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Student Worksheet

Some Terms to Know

Note: The terms and abbreviations below have become part of our nation╣s vocabulary in the last five years, but it is difficult even for experts to identify and/or clarify the intersection of the many branches of government that have become part of the effort to combat terrorism and the perception of terrorism in the United States. The purpose of this exercise is to introduce you to some of the terms, not to make you an expert!

Directions: Working with a partner and using the Web sites below, write a sentence or two identifying the terms you have been assigned (one from Column One, and one from Column Two). During class discussion, write information for the terms that other students are presenting. Use the back of the sheet or another paper for your responses.

Column One
1. USA Patriot Act
Read Title I and Title II at http://thomas.loc.gov/cgi-bin/bdquery/z?d107:HR03162:@@@D&summ2=m&
http://www.cnn.com/2005/LAW/06/01/ramasastry.patriotact2/index.html

2. "Warrantless Surveillance"
http://www.abcnews.go.com/Politics/wireStory?id=2505896

3. "Sneak and Peek"
pro: http://www.fbi.gov/publications/leb/1997/feb975.htm
con: http://www.aclu.org/natsec/emergpowers/12481leg20011023.html
http://www.law.uga.edu/academics/profiles/dwilkes_more/36sneak.html

4. FISA (Foreign Intelligence Surveillance Act)
http://caselaw.lp.findlaw.com/casecode/uscodes/50/chapters/36/subchapters/i/sections/section_1802.html
Column Two
1. Fourth Amendment to the Constitution
Find the text of the Amendment and annotations and commentary at http://caselaw.lp.findlaw.com/data/constitution/amendment04/

2. NSA (National Security Agency)
http://www.nsa.gov/about/index/cfm

3."National Security Letters"
http://www.washingtonpost.com/wp-dyn/content/article/2005/11/05/AR2005110501366.html

4.FBI (Counterterrorism branch)
http://www.fbi.gov/terrorinfo/counterrorism/waronterrorhome.htm

5. CIA
https://www.cia.gov/cia/information/info.html

Scenario A: "In Your Neighborhood"

Directions:
Consider the hypothetical scenario below and, using what you have learned about Constitutional protections and about tactics available to the U.S. government, develop a plan to guide law enforcement personnel. Remember, your task is not easy: you must balance civil liberties and public safety. Think carefully before you plan a course of action. Be sure to be able to justify your position. Feel free to revisit "Student Worksheet: Some Terms to Know" to refresh your memory. There is no single "correct" response.

Your neighbors, Joe and Cindy McGuire, have been involved in politics and political action for as long as you can remember. They have always been the ones with signs in front of their house, supporting a candidate or a cause. They have often carried petitions around the neighborhood, in favor of or against a cause. Over the years, they have become upset with American foreign policy, and the signs in front of their house have taken on a stronger, angrier tone, In addition, they have begun to have political meetings in their house several times a week, and, increasingly, those who are attending look as if they were not born in the U.S. Because you have been neighbors for so long, you receive the emails they have sent out, emails that seem to you to advocate increasingly harsh resistance to American policy. They even wrote in one email, "America deserved what it got on 9/11."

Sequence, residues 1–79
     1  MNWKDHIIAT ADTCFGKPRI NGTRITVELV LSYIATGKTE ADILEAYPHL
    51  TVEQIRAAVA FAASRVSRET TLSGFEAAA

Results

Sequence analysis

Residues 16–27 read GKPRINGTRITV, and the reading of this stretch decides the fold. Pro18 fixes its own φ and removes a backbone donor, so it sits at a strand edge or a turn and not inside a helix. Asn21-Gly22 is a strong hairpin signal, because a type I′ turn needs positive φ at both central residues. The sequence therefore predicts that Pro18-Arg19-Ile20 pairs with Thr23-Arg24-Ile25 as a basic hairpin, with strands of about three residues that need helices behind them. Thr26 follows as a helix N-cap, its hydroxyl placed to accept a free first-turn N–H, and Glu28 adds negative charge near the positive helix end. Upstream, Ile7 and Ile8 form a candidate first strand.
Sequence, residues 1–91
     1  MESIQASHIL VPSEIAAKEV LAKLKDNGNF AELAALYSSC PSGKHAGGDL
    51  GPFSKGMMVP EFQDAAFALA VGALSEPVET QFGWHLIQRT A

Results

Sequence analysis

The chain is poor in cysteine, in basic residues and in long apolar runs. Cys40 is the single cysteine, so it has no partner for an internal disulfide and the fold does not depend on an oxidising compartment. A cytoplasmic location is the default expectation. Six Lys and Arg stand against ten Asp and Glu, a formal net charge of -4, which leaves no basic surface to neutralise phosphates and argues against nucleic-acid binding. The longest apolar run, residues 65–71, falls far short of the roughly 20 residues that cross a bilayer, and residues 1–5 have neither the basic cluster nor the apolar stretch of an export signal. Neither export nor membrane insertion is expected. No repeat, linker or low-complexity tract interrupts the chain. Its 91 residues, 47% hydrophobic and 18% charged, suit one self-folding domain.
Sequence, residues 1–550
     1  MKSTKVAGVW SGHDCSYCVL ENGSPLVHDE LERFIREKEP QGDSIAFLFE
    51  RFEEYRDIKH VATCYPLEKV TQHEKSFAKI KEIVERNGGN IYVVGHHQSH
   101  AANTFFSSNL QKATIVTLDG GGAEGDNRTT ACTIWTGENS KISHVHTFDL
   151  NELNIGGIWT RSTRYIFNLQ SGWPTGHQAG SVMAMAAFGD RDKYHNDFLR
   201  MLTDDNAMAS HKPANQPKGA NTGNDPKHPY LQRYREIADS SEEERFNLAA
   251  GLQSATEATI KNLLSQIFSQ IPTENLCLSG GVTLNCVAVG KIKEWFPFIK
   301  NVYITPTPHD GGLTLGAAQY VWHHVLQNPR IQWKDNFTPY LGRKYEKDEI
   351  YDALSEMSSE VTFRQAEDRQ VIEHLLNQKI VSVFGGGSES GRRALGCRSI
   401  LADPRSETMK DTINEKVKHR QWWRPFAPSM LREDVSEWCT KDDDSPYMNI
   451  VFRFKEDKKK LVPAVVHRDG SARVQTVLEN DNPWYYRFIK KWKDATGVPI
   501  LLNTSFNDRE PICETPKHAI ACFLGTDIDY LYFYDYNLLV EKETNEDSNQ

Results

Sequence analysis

Are the McGuires national security risks?

Even if they are not, could people attending their meetings be security risks?

Should the police or FBI be able to get a court order to review the McGuires╣ email list?

If the FBI or police believe the McGuires will destroy their email lists if they know they will have to turn them over, should the government be able to do a "sneak and peek" or other warrantless search?

In other words, how will you handle the potential conflict between Constitutional guarantees and the need to prevent terrorism that people fear?

Scenario B: "I saw it on the way home."

Directions:
Consider the hypothetical scenario below and, using what you have learned about Constitutional protections and about tactics available to the U.S. government, develop a plan to guide law enforcement personnel. Remember, your task is not easy: you must balance civil liberties and public safety. Think carefully before you plan a course of action. Be sure to be able to justify your position. Feel free to revisit "Student Worksheet: Some Terms to Know" to refresh your memory. There is no single "correct" response.

A bookstore you pass on the way home has signs in the window featuring books by Muslim clerics about studying the Koran, histories of struggles in the Middle East, testimonials by American converts to Islam, and denunciations by American and foreign authors of American foreign policy. The bookstore does not pretend to offer a balanced array of books, and it allows its store to be used for readings by authors unsympathetic to American policies in Iraq, Afghanistan, and the Middle East. The FBI and the Counter Terrorism Center have received a tip that the bookstore may be a front for terrorist activity.

How will you advise them? Should they obtain a warrant to seize credit card receipts of people who have bought books at the store?

Should they, instead, under authority of the Patriot Act, simply seize the receipts on the theory that the store will destroy them if they know they are about to be seized?

If they do seize receipts, should they tell people whose credit card information they have seized that they are under some suspicion?

In other words, how will you handle the potential conflict between Constitutional guarantees and the need to prevent terrorism that people fear?